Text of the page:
"Was it [marriage] defined as between a man and a woman? Well, yes, but only in the sense that a cheese omelet is defined as an egg and some cheese — without the least intention of insulting either orange juice or toast by their omission from this definition. Orange juice and toast are fine things in themselves — you just can’t make an omelet out of them."
It's far from true that all same-sex attracted people support "gay marriage." The following is from an essay by Mr. Lee Harris called "The Future of Tradition." I like him. He's a good philospher who seems to me to have his feet on the ground. Mr. Harris also happens to be same-sex attracted .
"In the current debate on gay marriage, its advocates are cast in the role of long-oppressed suppliants demanding their just due. Indeed, the whole question is put in terms of their legal and moral rights, against which the opponents of gay marriage have nothing to offer but “residual personal prejudice,” to recall again the memorable words of the chief justice of the Canadian Supreme Court.
But it is a mistake to conflate the automatic with the irrational, since, as we have seen, an automatic and mindless response is precisely the mechanism by which the visceral code speaks to us. It triggers a rush of emotions because it is designed to do precisely this. Like certain automatic reflexes, such as jerking your hand off a burning stovetop, the sheer immediacy of our visceral response, far from being proof of its irrationality, demonstrates the critical importance, in times of peril and crisis, of not thinking before we act. If a man had to think before jumping out of the way of an onrushing car, or to meditate on his options before removing his hand from that hot stovetop, then reason, rather than being our help, would become our enemy. Some decisions are better left to reflexes — be these of our neurological system or of our visceral system.
This is why for most people, including many gay men and women, the immediate response to the idea of gay marriage came at the gut level — it somehow felt funny and wrong, and it felt this way long before they were able to spare a moment’s reflection on the question of whether they were for it or against it. There is a reason for that: They were overwhelmed at having been asked the question at all. How do you explain what you have against what had never crossed your mind as something anyone on Earth would ever think of doing? This invitation to reason calmly about the hitherto unthinkable is the source of the uneasy visceral response. To ask someone to reason calmly about something that he regards as simply beyond the pale is to ask him to concede precisely what he must not concede — the mere admissibility of the question.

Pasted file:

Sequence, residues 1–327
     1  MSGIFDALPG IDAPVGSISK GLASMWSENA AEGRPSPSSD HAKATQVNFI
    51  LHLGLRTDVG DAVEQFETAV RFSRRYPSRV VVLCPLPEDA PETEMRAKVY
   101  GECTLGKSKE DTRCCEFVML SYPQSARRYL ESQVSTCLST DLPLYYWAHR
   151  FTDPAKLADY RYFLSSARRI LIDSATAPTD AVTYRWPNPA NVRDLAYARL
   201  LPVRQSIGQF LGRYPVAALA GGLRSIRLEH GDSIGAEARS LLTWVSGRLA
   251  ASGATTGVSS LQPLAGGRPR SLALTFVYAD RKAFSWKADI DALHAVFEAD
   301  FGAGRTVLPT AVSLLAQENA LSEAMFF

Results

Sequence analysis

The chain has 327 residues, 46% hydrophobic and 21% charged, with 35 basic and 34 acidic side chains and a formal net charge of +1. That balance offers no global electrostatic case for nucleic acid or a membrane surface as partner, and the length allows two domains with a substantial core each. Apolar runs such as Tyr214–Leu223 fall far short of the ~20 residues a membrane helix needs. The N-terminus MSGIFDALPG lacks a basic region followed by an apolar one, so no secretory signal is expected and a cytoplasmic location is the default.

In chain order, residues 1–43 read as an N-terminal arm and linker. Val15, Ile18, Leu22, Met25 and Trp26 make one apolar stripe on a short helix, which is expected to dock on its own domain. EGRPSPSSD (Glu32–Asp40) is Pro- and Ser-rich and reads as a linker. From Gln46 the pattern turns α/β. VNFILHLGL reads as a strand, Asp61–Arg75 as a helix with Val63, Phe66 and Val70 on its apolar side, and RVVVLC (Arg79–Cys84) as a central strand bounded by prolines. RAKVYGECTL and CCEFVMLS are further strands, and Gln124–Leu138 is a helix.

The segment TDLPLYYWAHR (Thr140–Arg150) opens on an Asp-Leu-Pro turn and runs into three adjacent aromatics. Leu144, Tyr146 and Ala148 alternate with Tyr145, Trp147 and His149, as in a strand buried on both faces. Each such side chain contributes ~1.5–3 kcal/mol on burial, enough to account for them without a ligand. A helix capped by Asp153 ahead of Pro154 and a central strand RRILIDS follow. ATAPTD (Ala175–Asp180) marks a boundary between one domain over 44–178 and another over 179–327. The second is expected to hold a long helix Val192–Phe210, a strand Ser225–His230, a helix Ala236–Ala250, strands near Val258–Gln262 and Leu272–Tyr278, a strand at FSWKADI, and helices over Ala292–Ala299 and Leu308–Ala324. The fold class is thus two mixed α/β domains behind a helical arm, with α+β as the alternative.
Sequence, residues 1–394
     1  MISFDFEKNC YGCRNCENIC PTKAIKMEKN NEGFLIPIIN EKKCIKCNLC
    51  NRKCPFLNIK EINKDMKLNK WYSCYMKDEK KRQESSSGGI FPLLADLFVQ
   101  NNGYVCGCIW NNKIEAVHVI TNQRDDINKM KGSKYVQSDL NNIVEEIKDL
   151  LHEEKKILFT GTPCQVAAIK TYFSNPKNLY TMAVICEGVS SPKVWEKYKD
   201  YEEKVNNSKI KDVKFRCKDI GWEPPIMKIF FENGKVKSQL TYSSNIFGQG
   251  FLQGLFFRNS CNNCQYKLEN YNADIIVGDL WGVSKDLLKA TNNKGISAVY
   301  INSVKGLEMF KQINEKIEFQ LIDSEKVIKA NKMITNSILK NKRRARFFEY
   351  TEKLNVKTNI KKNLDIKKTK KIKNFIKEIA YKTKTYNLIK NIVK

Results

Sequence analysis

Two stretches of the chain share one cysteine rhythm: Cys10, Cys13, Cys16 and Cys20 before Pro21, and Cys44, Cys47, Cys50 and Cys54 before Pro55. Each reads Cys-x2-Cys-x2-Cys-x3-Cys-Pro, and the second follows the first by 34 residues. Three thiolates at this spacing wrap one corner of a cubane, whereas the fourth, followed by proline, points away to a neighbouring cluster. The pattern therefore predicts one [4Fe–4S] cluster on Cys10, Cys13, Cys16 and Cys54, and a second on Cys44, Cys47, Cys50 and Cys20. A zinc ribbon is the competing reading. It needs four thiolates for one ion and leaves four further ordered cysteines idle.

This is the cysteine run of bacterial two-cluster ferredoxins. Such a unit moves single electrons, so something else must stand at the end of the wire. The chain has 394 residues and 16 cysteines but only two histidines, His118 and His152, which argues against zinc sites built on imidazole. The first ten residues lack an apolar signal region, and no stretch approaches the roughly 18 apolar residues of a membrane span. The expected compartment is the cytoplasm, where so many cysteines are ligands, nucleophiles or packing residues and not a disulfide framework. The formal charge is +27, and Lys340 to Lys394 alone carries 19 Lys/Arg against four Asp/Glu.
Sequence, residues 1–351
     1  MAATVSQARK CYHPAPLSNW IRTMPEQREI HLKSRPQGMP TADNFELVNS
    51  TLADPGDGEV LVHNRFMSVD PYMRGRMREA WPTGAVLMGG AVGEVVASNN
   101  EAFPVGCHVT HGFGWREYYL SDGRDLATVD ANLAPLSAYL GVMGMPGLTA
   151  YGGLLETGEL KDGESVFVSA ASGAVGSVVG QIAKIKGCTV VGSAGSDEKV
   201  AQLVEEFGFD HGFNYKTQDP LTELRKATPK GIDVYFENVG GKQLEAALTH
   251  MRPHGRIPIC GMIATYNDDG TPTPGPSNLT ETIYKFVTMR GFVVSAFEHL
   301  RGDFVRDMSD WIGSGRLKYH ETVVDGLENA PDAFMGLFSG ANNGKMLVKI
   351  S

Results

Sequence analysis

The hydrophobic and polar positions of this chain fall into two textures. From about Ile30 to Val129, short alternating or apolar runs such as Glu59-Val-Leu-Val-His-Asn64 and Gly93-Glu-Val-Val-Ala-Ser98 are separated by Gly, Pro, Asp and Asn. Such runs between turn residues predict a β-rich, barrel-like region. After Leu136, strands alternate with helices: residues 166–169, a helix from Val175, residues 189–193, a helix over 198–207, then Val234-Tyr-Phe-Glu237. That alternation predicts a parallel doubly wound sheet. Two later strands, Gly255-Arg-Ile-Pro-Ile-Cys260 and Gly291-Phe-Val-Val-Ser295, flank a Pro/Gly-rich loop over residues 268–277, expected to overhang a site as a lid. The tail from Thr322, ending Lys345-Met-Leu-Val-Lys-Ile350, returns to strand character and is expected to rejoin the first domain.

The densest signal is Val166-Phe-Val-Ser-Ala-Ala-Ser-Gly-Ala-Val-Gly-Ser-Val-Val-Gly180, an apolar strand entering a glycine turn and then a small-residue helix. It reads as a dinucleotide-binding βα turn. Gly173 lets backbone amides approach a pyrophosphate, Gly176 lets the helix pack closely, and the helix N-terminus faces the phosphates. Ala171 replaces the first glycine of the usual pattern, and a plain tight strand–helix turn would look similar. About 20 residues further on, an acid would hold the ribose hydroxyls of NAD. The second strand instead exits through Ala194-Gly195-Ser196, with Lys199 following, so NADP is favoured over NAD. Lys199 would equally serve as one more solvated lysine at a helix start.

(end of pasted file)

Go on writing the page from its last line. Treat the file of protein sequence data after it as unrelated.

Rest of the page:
Imagine a stranger coming up to you and asking if he can drive your eight-year-old daughter around town in his new car. Presumably, no matter how nicely the stranger asked this question, you would say no. But suppose he started to ask why you won’t let him take your little girl for a ride. What if he said, “Listen, tell you what. I’ll give her my cell phone and you can call her anytime you want”? What kind of obligation are you under to give a reason to a complete stranger for why he shouldn’t be allowed to drive off with your daughter?
None. A question that is out of order does not require or deserve an answer. The moment you begin to answer the question as if it were in order, it is too late to point out your original objection to the question in the first place, which really was: Over my dead body.
Marriage was something that, until only quite recently, seemed to be securely in the hands of married people. It was what married people had engaged in, and certainly not a special privilege that had been extended to them to the exclusion of other human beings. Who, after all, could not get married? You didn’t have to be straight; you could be gay. So what? Marriage was the most liberal institution known to man. It opened its arms to the ugly and the homely as well as to the beautiful and the stunning. Was it defined as between a man and a woman? Well, yes, but only in the sense that a cheese omelet is defined as an egg and some cheese — without the least intention of insulting either orange juice or toast by their omission from this definition. Orange juice and toast are fine things in themselves — you just can’t make an omelet out of them."
Posted by Gibbons